(As stolen from the Basset Hound Club of America)
The Basset Hound is a long, low, scenting hound of French ancestry. His many admirers consider him to be among the most beautiful and unusual of all hounds, his dignified look owing in great part to a large, majestic head adorned with long, velvety ears, a wrinkled brow and dark, soulful eyes. The Basset Hound remains one of the most easily recognizable of all dog breeds.
The Basset Hound originated in sixth-century France, a country known for its many strains of hounds. Most strains had a tall version as well as a short-legged size under sixteen inches, which were called “basset” (bas in French means low-set). Both the Basset Hound and its long-legged cousin, the Bloodhound, are thought to be descendants of the famed St. Hubert hounds. St. Hubert, a churchman, was the patron saint of the hunt, who set out to develop a new strain of hound, which looked similar to today’s Bloodhound. Many authorities feel the Basset was a result of a mutation in the St. Hubert strain. This genetic deviation produced a short-legged, dwarfed hound, whose slower movement and low-set form was to prove useful for hunters on foot in search of small game. With his long ears helping to stir up the scent, packs of Bassets were used to drive small prey, such as rabbit and hare, from dense undercover into open terrain where hunters could move in for the kill with spears, nets or clubs. The sport of pack hunting with Basset Hounds continues to this day in France and England.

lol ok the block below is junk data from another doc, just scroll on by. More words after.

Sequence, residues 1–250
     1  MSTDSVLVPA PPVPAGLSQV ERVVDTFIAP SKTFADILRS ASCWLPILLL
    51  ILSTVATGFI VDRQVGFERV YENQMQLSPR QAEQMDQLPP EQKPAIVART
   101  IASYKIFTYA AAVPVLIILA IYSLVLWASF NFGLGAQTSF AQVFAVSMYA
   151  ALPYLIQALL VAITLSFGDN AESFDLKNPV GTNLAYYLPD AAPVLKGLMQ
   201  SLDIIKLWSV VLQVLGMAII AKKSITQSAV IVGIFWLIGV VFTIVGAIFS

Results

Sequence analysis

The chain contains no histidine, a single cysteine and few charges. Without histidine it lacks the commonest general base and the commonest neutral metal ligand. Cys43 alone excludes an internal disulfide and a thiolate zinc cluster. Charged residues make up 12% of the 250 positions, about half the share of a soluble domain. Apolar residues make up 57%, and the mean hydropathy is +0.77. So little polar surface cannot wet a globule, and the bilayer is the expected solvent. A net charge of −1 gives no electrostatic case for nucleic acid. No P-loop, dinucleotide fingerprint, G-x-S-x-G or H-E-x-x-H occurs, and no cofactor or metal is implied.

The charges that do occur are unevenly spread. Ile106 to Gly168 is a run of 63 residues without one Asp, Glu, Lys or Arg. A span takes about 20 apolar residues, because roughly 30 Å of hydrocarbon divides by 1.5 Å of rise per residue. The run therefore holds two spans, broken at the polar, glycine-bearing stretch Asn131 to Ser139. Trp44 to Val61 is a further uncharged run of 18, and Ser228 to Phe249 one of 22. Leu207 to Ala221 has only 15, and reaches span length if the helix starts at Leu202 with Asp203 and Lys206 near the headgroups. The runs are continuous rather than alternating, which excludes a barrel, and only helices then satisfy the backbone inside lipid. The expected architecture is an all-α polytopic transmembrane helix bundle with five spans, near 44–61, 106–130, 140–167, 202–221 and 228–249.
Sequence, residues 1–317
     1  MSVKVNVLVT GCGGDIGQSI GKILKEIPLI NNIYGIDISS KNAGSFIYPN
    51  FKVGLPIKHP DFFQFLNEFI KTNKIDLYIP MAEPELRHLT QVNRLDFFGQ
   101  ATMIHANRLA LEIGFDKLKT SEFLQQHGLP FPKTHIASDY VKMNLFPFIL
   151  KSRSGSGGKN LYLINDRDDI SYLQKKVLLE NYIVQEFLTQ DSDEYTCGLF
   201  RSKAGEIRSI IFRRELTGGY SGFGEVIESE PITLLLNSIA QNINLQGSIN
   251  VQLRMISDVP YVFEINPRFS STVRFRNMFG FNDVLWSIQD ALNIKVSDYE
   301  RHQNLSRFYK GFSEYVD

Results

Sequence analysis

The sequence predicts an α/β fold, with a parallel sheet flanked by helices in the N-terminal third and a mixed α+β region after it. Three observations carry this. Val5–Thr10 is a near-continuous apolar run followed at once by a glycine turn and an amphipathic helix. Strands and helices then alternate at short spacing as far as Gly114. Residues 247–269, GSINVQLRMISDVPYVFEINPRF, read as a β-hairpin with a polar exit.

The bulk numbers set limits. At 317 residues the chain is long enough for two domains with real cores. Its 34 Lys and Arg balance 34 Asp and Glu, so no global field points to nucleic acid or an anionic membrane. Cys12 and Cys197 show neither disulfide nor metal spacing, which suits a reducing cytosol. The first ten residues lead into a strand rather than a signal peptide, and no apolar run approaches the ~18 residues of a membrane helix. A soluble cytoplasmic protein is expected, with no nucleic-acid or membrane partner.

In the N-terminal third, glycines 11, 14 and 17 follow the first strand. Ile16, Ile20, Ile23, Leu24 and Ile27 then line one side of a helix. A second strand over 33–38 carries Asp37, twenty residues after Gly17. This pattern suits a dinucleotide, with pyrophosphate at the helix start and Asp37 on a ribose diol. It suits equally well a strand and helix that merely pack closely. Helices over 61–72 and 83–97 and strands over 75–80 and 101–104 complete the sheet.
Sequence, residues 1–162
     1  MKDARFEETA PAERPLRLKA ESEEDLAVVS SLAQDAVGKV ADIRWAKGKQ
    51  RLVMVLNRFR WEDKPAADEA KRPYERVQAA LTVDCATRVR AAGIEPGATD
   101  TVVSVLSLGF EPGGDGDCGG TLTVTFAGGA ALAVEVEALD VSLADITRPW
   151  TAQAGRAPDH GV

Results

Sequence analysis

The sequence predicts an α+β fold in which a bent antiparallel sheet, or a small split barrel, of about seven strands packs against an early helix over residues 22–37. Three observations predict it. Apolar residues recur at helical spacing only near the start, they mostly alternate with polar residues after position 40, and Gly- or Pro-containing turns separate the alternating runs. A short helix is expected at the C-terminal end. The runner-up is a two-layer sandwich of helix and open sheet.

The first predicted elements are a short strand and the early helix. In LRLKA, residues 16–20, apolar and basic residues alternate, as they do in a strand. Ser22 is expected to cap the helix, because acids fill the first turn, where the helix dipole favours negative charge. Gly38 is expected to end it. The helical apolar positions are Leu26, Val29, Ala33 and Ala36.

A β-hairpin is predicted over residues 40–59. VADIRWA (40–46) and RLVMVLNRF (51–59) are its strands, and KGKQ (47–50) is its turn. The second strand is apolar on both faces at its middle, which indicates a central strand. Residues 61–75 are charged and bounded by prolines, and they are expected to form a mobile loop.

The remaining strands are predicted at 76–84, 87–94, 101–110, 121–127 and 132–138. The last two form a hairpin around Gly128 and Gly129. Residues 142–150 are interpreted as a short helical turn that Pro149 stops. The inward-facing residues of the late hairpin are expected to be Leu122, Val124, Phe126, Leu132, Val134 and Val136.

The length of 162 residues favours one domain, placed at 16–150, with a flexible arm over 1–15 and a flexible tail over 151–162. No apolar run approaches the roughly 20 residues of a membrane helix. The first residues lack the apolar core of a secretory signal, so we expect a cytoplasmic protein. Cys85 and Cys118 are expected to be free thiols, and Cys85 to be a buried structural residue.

The Basset Hound Club of America adopted the following standards for Basset Hounds in January 1964.